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Today's Features

  • Some of the dances date back to the 17th century and originates from places including New England and the British Aisles. Despite old age and far-away birthplaces, contra dances’ effect on people has not diminished. Once the fiddlers, guitarists, pianist and other musicians begin to play, toes are guaranteed to start tapping and people will run to the dance floor.  

    See for yourself at the upcoming Los Alamos Contra Dance, which starts at 6:30 p.m. Saturday at the Unitarian Church, 1738 N. Sage St.

  • New Mexico’s economy is in a weakened state. There’s been job cutting, hatches have been battened and belts have been made tighter. Although it may feel unexpected and surprising, a sour economy has visited the state before.

    David Kammer, through the New Mexico Endowment for the Humanities, will discuss this historical period during his lecture, “New Mexico’s New Deal: A 75th Anniversary Perspective,” at 7:30 p.m. Tuesday at Fuller Lodge. The talk is part of the Los Alamos Historical Society’s lecture series.

  • The Los Alamos Coffeehouse was a tradition for years. When the concert series came to a close in 2008, music fans across the county collectively sighed in a minor key and when violinist Kay Newnam and the Los Alamos Arts Council announced the return of the Coffeehouse for a special, one-time event, it was like the moment when a favorite musical theme makes its comeback in a long, challenging composition.

  • Exhibits ranging from finely sewn quilts to vegetable baskets were exhibited during the County Fair.  The entries were displayed at Mesa Public Library.

  • As missionaries through the Jesus Christ of Latter-day Saints Church, Sister Ormsby and Sister Jensen are reaching out in an attempt to form a bond with the local community. Their tool to create ties between themselves and Los Alamos is music.

    Ormsby and Jensen will present a devotional set to music titled, “The Restoration,” at 6 p.m. Sunday at the Los Alamos Ward of the LDS church.

    “Basically it’s going to be explaining in music how our religion came about,” Ormsby said.

  • Rick Estrin didn’t have a whole lot of interests as a child. School bored him, too. Music, however, snared his attention. “There was just something about it that spoke to me inside,” Estrin said.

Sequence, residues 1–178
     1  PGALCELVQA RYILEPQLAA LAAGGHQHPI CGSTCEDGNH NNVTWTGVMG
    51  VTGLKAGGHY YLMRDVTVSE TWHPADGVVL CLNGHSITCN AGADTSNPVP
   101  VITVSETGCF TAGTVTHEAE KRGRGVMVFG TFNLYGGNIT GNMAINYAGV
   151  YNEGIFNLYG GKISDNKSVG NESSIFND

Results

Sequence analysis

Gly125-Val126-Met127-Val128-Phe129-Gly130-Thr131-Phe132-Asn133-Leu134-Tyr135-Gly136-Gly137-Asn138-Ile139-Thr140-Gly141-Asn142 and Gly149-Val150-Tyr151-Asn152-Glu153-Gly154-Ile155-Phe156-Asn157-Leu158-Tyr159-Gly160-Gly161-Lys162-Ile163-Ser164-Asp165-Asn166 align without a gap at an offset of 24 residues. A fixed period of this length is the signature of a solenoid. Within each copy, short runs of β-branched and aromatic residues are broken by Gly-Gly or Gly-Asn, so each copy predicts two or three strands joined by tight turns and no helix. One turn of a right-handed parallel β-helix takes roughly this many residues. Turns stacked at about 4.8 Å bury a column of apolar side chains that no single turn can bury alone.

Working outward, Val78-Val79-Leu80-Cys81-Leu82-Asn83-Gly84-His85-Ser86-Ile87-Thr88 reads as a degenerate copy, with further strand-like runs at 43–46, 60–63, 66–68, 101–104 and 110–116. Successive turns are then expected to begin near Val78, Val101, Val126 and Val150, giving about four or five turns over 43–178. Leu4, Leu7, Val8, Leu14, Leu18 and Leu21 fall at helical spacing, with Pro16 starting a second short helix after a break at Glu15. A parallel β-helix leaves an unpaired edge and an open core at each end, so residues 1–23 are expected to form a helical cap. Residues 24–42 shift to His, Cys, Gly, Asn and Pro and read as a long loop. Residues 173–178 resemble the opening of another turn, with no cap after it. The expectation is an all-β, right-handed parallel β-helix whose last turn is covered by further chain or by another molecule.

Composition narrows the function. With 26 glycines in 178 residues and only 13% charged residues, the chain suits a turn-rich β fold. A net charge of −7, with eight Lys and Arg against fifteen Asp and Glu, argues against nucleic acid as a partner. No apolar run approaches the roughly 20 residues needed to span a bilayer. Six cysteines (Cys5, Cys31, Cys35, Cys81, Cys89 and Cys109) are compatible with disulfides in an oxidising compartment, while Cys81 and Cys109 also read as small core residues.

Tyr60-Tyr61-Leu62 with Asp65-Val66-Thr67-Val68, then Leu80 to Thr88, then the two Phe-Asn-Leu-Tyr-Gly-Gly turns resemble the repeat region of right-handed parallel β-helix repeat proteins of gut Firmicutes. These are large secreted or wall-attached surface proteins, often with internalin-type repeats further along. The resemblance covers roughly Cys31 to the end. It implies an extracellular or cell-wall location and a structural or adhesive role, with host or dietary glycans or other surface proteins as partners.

Even though he didn’t know exactly what he was doing when he first started out as a musician and did a lot of guessing, Estrin said his music has evolved throughout the years.

    Plus, Estrin said his distinctive personality has carried him through the years. “(I’m) sort of a peculiar person,” he said.

  • Along Longview Drive in White Rock, there are rows of empty buildings and a sidewalk outlined with weeds. It has the atmosphere of a ghost town – there does not seem to be a soul around. But further up the road, things dramatically change.

    The weeds along the sidewalk are replaced by orange colored flower boxes and the building, located at 115 Longview Drive, is being renovated, making it look sharp and new.

    This will be the new home of the Bilingual Montessori School.

  • In one of my all-time favorite books, “A Patchwork Planet,” by Anne Tyler, the main character reminisces about his days as a juvenile delinquent. Barnaby describes the times when he and his friends would break into people’s houses and steal things.

    But what was unusual, Barnaby says, was while his friends went straight to the liquor cabinet or snatched up valuable possessions, he picked up the unique knick-knacks, pored over photos and read through the mail.

    He may have thought that was odd but I did not. I pretty much love to do the same thing.

  • Have you been thinking about sprucing up your living room with a new painting? Saturday, a dozen painters will offer their work to fill up the blank spaces on your walls during the 32nd Annual Summer Arts and Crafts Fair on the lawn at Fuller Lodge.

  • An old saying goes, “The opera ain’t over till the fat lady sings,” and last Saturday night we found out again how true old sayings are and how worth waiting for this great lady is.  

    In the final opening of the Santa Fe Opera season, Christine Brewer was luminous in the title role of Queen Alceste, an opera by Bohemian Christoph Willibald Gluck, first produced in Paris the year our Declaration of Independence was signed.